Module 14: Exotic Species Introduction Cameron, Barney, Puja, Nate, Crystal, Rachael Atlantic Forest, Brazil SEE-U 2000
Introduction • Exotic species currently are the second greatest threat to biodiversity behind habitat loss (Wilson, 2000) • Exotic species may greatly affect the level of biodiversity in an area (increase/decrease). Eucalyptus plantations are very common in Brazil • Eucalyptus plantations are common in Brazil
Objective • This study was designed to measure the regeneration of woody species in an Atlantic Forest compared to a Eucalyptus spp. plantation in order to see the impact of exotic species on biodiversity
Methodology • Data along 35 meter transects was collected from two different forest habitats (Atlantic Forest, Eucalyptus plantation) with replicates at each site • Plots of .25m2 were used every 7m to sample regeneration of woody plant species • Insect morphospecies richness and diversity was qualitatively measured as an indicator of diversity • Canopy cover was measured using a densiometer at 7 m intervals • Leaf litter was measured in order to study the conditions conducive to growth of woody species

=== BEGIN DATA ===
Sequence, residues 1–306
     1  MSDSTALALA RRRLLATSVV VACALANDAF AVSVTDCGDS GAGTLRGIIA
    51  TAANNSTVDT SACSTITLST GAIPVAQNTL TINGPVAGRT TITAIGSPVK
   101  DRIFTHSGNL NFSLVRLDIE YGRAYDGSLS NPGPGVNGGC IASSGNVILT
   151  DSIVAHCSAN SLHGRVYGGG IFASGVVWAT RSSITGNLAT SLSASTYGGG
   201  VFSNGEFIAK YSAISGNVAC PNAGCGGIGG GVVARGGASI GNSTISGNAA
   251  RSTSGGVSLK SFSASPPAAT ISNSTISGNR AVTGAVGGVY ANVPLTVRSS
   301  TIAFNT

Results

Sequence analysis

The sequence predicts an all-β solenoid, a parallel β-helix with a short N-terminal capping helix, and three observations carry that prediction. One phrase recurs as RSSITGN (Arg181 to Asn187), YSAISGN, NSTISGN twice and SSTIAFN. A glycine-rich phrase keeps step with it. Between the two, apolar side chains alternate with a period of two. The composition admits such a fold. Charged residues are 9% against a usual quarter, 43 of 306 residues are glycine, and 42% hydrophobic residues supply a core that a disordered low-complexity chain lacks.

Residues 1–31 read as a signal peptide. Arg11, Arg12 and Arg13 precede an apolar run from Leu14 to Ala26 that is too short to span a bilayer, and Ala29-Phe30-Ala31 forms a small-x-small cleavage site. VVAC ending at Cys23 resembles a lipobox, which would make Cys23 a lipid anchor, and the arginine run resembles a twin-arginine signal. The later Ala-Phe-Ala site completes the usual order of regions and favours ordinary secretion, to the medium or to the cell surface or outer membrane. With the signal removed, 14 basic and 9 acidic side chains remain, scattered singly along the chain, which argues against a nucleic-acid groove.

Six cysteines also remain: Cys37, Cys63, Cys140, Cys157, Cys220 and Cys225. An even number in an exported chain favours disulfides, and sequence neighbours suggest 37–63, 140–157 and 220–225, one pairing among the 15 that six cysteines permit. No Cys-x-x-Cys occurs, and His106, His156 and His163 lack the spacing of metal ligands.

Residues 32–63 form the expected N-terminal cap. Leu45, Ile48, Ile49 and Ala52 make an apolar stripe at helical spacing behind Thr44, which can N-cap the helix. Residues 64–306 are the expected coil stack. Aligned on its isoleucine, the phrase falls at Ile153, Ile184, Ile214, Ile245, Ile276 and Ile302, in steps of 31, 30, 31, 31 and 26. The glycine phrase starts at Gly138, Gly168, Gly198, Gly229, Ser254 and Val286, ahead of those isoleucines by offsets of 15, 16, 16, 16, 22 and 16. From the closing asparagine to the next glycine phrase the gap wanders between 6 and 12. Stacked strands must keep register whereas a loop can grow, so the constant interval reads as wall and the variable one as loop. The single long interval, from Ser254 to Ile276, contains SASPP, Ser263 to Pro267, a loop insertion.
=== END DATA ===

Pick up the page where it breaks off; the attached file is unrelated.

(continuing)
Results • There was a significant difference in canopy coverage between sites (Atlantic Forest=85%, Eucalyptus site=64%, t=4.35, p<0.05) • There was no statistical difference in regeneration between the two sites (t=-1.53, p<0.05) • The total number of insects found in the Atlantic Forest was 39 and in the Eucalyptus forest, 40.
Discussion • The Eucalyptus spp. plantation (exotic) had lower amounts of regeneration of woody plants than the Atlantic Forest • The abundance of insects showed little difference in number between the two sites • The Eucalyptus was dominated by an exotic grass (molasses), which does not spread if no disturbance takes place on site
Discussion con’d • Exotic species do not necessarily reduce biodiversity in an area
Literature Cited • Wilson, E.O., (2000) Conserving Earth’s Biodiversity (Island Press: Washington D.C.) cd rom